What Is Chicken Grit

What Is Chicken Grit? (Digestive & Calcium Grits)

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You probably know you need to provide grit for your chickens. But have you ever wondered why chickens need grit? What chicken grit is? What the different types of grit are and what you can use for grit?

If you’ve asked yourself any of those questions, you’ve landed on the right page.

I’ve used just about every type of grit available for chickens over the years. Here’s everything I know about the types of grit available, why grit is important to chickens, and more:

What Is Chicken Grit?

There are two types of grit for chickens; grit that is used to help them grind up and digest food, and calcium-rich grit to help with egg production.

The differences between the two are as follows:

Flint Grit for Digestion

Chickens use a strong muscular organ called a gizzard to grind up their food for digestion. This is commonly found in animals that do not have teeth to break up food before they swallow it.

In the wild, or if chickens are free-range, they will pick up bits of grit while foraging. Which will explain why they eat little stones, sand, and other hard bits of shell, etc.

For the most part, chickens that are free-range all day will find enough grit. It’s still a good idea to provide them some, but it’s amazing what they find while foraging around.

Grit is relatively inexpensive. I use the Manna Pro stuff I’ve linked below on Amazon. All you need to do is keep their grit feeder topped up with this and your chickens will instinctively take as much as they need to aid their digestion.

Oyster Shell Grit for Stronger Eggs

The other type of grit you need to supply for your hens is oyster shell grit also known as soluble grit

A laying hen requires a calcium-rich diet to produce strong eggs daily. Formulated chicken feeds do a great job of meeting that need, but some extra calcium-rich grit will help.

You can actually break up eggshells and feed that back to your hens too, that works just as well. Keep in mind that a laying hen requires around 4-5 grams of calcium a day to keep up will producing an egg almost every day.

I use a crushed oyster shell grit with added calcium like this one available on Amazon:

How Do You Feed Chickens Grit?

How Should You Feed Grit to Chickens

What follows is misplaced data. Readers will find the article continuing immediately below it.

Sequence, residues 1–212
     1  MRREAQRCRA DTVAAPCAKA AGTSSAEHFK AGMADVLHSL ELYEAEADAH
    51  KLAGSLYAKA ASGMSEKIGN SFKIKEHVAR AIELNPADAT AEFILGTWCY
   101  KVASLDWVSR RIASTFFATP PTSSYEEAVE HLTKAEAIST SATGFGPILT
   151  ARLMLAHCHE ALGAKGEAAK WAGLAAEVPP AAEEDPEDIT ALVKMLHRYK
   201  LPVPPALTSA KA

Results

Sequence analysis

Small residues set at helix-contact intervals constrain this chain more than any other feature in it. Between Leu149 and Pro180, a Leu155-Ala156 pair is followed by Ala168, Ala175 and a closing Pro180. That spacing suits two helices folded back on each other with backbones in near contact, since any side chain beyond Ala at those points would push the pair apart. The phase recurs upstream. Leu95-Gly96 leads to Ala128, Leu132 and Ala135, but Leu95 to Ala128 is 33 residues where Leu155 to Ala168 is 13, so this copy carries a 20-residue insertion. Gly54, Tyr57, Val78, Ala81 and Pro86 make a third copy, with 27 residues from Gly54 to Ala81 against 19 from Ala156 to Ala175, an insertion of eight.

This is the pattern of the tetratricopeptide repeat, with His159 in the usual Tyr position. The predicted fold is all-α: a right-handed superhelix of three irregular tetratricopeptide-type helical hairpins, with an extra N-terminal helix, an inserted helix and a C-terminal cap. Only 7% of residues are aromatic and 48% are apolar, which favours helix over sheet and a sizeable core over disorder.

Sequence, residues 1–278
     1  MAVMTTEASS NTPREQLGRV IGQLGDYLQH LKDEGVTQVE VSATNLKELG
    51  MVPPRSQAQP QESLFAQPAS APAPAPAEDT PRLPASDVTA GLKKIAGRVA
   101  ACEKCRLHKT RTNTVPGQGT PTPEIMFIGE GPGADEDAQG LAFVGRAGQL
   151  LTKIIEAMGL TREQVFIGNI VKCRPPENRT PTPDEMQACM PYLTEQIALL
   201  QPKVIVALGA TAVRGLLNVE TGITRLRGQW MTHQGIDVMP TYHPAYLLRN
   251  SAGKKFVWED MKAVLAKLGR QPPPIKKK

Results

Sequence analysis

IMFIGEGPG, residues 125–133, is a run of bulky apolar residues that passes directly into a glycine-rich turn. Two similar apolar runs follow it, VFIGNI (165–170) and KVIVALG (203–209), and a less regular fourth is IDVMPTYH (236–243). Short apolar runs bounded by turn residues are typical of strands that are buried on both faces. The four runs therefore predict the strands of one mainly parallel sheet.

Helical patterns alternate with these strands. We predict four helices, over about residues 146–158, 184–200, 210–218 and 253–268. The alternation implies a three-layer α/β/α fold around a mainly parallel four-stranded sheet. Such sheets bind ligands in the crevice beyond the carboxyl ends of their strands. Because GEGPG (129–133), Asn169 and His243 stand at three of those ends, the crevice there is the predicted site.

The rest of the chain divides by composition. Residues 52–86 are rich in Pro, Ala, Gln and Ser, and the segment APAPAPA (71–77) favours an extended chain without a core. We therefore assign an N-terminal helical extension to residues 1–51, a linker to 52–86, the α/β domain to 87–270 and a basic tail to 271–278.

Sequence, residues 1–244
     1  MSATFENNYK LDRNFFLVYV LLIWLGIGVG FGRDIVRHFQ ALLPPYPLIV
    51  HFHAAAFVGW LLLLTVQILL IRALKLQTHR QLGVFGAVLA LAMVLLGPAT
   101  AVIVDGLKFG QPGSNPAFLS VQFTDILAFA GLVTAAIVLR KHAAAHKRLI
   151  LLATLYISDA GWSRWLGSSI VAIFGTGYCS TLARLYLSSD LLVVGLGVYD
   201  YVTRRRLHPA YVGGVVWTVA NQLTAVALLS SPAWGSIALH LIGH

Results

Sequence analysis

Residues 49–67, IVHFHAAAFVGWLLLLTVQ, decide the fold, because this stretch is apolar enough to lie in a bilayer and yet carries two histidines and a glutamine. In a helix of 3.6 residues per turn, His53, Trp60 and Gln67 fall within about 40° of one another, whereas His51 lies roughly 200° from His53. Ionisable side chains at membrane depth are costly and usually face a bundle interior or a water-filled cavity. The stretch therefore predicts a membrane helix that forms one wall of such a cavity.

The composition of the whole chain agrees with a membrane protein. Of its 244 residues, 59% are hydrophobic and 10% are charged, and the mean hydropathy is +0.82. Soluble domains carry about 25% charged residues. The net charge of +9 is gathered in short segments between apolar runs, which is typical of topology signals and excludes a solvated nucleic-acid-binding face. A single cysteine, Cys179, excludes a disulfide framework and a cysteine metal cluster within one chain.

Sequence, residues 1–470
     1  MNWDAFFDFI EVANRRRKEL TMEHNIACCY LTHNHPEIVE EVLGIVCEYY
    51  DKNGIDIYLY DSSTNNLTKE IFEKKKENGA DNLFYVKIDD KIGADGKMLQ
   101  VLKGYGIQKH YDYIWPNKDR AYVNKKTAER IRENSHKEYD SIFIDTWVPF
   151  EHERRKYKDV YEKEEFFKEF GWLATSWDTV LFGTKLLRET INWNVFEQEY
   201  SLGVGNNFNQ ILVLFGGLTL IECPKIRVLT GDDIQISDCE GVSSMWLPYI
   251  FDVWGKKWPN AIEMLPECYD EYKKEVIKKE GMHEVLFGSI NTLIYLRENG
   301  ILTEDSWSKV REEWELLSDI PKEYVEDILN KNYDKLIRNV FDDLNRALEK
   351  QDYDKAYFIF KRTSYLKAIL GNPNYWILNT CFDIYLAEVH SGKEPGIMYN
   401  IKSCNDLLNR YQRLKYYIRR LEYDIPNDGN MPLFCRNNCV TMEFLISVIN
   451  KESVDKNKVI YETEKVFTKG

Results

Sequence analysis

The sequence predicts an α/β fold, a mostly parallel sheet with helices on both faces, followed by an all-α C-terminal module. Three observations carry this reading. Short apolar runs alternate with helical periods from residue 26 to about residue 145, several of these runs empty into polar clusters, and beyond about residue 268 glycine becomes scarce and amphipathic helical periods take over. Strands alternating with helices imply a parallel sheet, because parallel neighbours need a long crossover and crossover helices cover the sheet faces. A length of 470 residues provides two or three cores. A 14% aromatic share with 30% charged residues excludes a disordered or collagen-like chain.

There are a few ways you can feed grit to your flock, these are:

  • By adding some to their feed
  • By scattering some on the floor for them to forage for, or
  • By using a dedicated grit feeder

Whichever method you choose, as long as you’re providing enough grit your chickens are smart enough to eat as little or as much as they need. Just don’t put out an excessive amount, sometimes a greedy bird can get carried away.

Do You Mix Grit in With Chicken Food?

I mentioned above in the feeding methods that you can mix grit in with your chicken’s feed if you want.

I know some backyard flock owners that do this. But to be honest I think most owners add a separate grit feeder to their coop or run and leave it up to their chicks when and how much grit they eat.

Can I Use Sand for Chicken Grit?

Yes, you can use sand for chicken grit if you want to.

That’s for the insoluble grit in place of flint grit as I explained earlier. Sand is hard enough to help break up food in their gizzard, although grit that’s a little bigger is probably more optimal.

I know some backyard owners that use sand to cover the floor in their chick’s coop and run and don’t provide any separate grit. They told me their chicken’s peck at the sand and get enough grit this way – so it works.

RelatedSome ideas for what to use as grit for baby chicks.

Chicken Grit Feeders

Chicken grit hoppers aren’t fancy pieces of equipment. All they need to do is hold grit and allow easy access for chickens to stick their heads in and eat some.

Here is an example of the one I use on Amazon:

Premier Poultry Grit and Oyster Shell Feeder

It does everything you’ll need from a grit feeder. It’s made from heavy-duty plastic, so it’s durable and can withstand being in a coop with dozens of chickens pecking away.

The lid lifts off, you pour your grit in, then place the lid back on. I can’t really say much more, I’m not trying to sell it to you – just highlighting how it operates as a feeder.

In Summary

You’re now an expert in chicken grit. Or, at the very least you know everything I do!

You need to provide two types of grit for your flock;

Flint grit or similar to aid digestion – Chickens do not have teeth, they grind their food up in their gizzard with the help from rough grit.

Calcium-rich grit like oyster shells – Chickens, and laying hens in particular need a lot of calcium in their diets to keep producing strong egg shells.

Both types of grit are readily available online or at a local pet supply store. Make them available in a feeder for your flock and they will eat as much as they need to maintain optimum health.

Related – Here’s an interesting use for any spare grit – how to use chicken grit for plant soil!

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